DEERFIELD — About 16 western Massachusetts school superintendents and others agreed Monday morning to start a “Massachusetts Association of Rural Schools” to address common issues faced by sprawling rural school districts with sparse student enrollment.
Michael Buoniconti, superintendent of the Mohawk Trail and Hawlemont regional school districts, was voted in as chairman of the new organization, which doesn’t yet have an official name.
Rural school districts are those with fewer than 1,000 students, or which serve towns with fewer than 10 students per square mile.
Last month, Buoniconti invited several school officials to Mohawk Trail Regional School to discuss forming a group to “represent interests peculiar to rural districts” that are not represented by either state school associations.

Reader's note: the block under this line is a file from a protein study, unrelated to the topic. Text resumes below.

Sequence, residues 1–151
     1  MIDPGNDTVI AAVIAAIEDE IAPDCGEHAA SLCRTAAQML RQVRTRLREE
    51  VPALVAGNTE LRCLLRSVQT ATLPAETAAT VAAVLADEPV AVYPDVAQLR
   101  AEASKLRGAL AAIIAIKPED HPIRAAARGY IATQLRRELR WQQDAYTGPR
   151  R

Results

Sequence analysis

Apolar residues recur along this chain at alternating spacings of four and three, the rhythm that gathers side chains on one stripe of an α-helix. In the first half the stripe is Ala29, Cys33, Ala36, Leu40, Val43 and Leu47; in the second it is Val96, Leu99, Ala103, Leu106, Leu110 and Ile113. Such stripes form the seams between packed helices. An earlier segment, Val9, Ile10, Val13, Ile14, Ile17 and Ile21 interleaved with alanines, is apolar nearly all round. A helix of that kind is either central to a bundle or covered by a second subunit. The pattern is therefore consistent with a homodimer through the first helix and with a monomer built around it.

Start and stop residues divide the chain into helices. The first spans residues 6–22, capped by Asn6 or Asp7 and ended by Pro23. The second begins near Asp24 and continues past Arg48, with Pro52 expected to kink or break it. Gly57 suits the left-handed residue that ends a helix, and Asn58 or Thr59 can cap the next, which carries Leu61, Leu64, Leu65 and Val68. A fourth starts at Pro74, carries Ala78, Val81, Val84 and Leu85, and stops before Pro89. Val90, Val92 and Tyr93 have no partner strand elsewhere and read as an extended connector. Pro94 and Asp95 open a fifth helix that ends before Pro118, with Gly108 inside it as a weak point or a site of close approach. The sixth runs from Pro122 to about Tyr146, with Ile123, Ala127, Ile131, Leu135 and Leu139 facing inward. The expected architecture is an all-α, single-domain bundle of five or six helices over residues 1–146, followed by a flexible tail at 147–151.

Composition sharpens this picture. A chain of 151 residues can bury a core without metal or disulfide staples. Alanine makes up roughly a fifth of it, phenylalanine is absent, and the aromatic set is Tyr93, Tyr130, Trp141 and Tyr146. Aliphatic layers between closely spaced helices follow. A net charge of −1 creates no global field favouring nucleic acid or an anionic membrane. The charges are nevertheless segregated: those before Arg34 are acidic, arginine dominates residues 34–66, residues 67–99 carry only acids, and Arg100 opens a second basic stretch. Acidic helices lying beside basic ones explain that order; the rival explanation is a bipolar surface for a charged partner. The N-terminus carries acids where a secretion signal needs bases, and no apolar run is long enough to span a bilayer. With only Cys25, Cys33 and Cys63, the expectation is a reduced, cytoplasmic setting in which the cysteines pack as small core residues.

Monday’s meeting was held at Frontier Regional School, and the 16 superintendents attending represented 31 rural school districts, according to Buoniconti.
This year, the group hopes to lobby for the following causes:
Creation of “sparsity aid” for rural school districts, which have higher per-pupil costs than schools with more students. Wisconsin, for instance, is giving struggling rural schools sparsity aid of $300 per student this year.
Exemption from a state School Building Authority rule that requires districts to return state money used to renovate school buildings if those under-used buildings are later repurposed.
Protection from charter school expansion into rural school district regions.
Another issue to research is how to work with towns that have large, untaxed expanses of conservation land or wetlands.